Search  |  中文  EN  FR  
2023 Academic Conference Registration Channel Opened
Welcome to China!


Time needed for incentives to boost fertility: Expert

Medical staff at the People's Hospital of Yuping county, Tongren city, Guizhou province, care for newborns on Jan 2. The country's birth rate hit a new low in 2023. HU PANXUE/FOR CHINA DAILY

The makeover of a sculpture of a typical Chinese family at a park in Wuhan, Hubei province, soared to the top of microblogging platform Sina Weibo's trending list at the beginning of this year, generating 39 million views.

Created in 2017 and titled A Better Future, the stainless-steel sculpture was repainted green. But what was more eye-catching was the addition of two children to the original family of three, creating a family of five.

Guo Xue, the designer of the sculpture, told news outlet that he was asked by the park's management to update the sculpture to better reflect the beauty and happiness of family life in the new era.

This family sculpture mirrors China's efforts in recent years to encourage births, improve the national demographic structure and tackle population aging.

Despite numerous preferential policies rolled out across the country, the demographic curve continues a downward slide.

On Wednesday, the National Bureau of Statistics said the total number of people in China fell for a second consecutive year in 2023, dropping by 2.08 million, or 0.15 percent, to 1.409 billion.

It takes time for the incentives to change people's thoughts about having a baby later in life or not having one, experts said.

Following the issue of China's third-child policy in 2021, local governments have formulated detailed and tailor-made policies to foster a better social environment for having and nurturing babies.

In 2021, Panzhihua in Sichuan province proposed to give 500 yuan ($70) per month per child to local couples who have a second or third child until the children turn three years old, becoming the first Chinese city to allocate a parental allowance.

To encourage multiple births, Hinggan League in the Inner Mongolia autonomous region has offered a differentiated childcare allowance, giving 2,000 yuan for the second child and 3,000 yuan for the third.

In addition, the league has provided a 25-day paternity leave and prolonged the maternity leave period by an additional 30 days for mothers having a third child. Women now get 158 days maternity leave for their first or second child, and 188 for their third.

Considering the surging infertility rate in China, some regions have included auxiliary reproductive means in health insurance.

In July, Beijing added 16 therapeutic assisted reproductive services under its healthcare insurance system. The health department of the Guangxi Zhuang autonomous region started covering in vitro fertilization as well as other fertility services in November.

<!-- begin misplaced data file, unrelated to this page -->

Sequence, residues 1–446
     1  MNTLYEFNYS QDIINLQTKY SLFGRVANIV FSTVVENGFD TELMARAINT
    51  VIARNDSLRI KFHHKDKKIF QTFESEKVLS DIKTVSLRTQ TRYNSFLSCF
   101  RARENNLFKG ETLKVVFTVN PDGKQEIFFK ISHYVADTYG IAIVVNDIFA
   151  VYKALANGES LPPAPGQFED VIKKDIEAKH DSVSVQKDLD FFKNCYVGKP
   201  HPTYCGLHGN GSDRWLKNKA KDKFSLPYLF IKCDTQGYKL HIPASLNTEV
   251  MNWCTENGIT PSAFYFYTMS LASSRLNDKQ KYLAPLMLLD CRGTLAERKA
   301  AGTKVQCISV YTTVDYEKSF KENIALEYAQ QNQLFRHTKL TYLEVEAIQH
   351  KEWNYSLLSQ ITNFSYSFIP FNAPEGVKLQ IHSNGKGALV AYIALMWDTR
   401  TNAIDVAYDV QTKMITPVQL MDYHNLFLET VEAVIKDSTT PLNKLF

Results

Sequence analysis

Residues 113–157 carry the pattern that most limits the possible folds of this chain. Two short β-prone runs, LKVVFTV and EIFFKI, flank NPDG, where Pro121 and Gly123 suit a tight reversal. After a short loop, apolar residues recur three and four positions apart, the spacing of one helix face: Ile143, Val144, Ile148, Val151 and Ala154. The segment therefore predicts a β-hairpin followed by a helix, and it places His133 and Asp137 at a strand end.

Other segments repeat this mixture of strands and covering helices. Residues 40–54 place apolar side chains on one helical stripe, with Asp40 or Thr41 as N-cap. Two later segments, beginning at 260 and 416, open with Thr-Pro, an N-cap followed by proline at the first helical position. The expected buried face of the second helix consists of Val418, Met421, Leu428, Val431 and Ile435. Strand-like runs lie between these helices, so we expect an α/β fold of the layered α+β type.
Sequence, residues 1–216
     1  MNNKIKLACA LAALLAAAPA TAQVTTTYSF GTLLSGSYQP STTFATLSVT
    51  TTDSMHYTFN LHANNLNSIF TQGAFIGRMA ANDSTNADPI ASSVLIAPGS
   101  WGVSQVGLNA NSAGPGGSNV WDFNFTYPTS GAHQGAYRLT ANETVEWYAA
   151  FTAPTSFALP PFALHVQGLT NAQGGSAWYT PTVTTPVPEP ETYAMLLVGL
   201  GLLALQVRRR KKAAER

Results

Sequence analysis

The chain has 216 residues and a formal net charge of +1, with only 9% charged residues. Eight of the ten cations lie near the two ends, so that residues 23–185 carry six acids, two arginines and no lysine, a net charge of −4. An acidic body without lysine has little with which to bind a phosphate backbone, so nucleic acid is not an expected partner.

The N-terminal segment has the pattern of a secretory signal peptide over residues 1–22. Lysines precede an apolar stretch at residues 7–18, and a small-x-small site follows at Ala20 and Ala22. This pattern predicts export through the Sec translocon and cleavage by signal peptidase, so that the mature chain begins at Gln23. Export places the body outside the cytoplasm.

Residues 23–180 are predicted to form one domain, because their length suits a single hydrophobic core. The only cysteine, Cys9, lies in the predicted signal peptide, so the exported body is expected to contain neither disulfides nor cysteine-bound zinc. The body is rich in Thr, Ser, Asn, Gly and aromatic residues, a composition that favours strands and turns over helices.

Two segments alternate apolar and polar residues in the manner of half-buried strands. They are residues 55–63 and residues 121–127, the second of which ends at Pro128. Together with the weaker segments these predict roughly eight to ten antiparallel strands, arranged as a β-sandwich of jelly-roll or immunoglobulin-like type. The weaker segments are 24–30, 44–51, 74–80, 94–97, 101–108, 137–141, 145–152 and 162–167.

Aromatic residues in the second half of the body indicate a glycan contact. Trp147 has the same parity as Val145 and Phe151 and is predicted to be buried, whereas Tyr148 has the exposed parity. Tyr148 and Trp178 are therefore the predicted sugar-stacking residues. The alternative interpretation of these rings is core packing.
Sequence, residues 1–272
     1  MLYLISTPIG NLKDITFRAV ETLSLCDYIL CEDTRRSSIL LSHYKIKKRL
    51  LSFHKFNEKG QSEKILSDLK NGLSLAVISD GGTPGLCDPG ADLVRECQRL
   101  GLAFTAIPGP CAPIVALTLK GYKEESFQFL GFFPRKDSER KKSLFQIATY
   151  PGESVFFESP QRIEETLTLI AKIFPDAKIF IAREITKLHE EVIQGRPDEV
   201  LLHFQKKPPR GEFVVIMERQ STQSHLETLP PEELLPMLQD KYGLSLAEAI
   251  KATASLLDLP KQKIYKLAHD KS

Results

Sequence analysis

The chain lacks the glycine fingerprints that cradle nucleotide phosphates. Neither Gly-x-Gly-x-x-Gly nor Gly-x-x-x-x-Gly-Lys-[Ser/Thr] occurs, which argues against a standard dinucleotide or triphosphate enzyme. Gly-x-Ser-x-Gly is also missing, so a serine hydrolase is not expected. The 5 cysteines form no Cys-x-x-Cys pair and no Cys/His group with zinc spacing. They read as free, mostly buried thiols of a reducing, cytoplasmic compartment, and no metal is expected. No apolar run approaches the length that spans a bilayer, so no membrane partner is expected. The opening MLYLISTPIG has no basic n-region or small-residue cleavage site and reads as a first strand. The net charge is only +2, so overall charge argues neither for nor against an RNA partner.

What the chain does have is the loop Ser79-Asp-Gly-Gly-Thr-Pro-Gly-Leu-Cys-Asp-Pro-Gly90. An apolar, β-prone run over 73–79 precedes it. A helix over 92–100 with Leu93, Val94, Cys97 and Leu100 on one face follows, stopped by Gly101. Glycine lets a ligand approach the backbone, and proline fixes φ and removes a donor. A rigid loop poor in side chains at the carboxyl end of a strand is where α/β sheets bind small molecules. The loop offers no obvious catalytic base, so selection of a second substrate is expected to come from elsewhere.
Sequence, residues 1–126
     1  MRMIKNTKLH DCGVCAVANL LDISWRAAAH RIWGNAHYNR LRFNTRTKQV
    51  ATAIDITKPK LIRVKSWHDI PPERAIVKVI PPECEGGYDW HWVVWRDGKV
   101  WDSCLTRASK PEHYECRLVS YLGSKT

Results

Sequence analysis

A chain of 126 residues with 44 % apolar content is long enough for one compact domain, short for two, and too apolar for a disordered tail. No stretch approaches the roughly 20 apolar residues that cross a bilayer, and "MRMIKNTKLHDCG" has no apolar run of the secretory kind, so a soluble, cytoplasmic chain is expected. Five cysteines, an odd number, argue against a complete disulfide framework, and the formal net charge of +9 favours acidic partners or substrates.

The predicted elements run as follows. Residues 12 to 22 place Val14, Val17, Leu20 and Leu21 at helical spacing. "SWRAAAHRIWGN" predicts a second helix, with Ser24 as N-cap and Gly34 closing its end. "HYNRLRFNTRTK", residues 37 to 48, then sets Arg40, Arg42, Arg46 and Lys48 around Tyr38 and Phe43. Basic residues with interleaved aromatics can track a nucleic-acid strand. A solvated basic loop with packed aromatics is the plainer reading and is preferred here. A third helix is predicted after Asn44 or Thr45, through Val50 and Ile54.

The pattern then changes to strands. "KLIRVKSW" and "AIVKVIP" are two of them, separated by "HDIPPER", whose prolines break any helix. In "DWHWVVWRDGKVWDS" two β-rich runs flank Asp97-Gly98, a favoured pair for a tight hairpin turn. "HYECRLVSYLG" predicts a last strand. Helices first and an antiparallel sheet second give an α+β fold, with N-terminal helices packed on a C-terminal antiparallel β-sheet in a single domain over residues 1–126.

The Gansu government also announced it would reimburse fertility treatments starting in February.

"China's negative population growth coincides with global trends in population declines and thus cannot be used to judge the quality of the national fertility supporting policies," said Yang Fan, a researcher at the Population Development Studies Center at Renmin University of China.

Yang said that unlike some European countries and the United States, which have been experiencing a trend of later marriages and fewer childbirths for some time, China is only now entering that stage, and is inevitably showing a drop in the population.

Over 56 percent of people aged 25 to 29 in China were single in 2022, up from 48.7 percent the previous year, according to the 2023 China Population and Employment Statistical Yearbook. The percentage is 20 percent for people aged 30 to 34.

Guo Jiqiang, a professor at the School of Economics at Zhejiang University, said that the key to tackling population aging is enhancing people's willingness to give birth, especially the youth.

"China's second-child policy and third-child policy motivated more of those born in the 1970s to have children. Generation Z or so should be the backbone of fertility," said Guo, adding that apart from financial incentives, there should be more emotional guidance on the parent-offspring affection and raising children in preparation for senior life.

The upcoming Year of the Dragon may be a silver lining or a shot in the arm for growth prospects as there is a traditional preference for babies born in the Year of the Dragon, Zhai Zhenwu, president of the China Population Association, told Time News, a news outlet in Guangdong province.

Unlike the evil and cruel image associated with dragons in the West, dragons are widely considered auspicious in the East.

"We witnessed a small baby boom in 2012, the previous Year of the Dragon," he was quoted as saying. "We expect the same this year."

Contact the writers at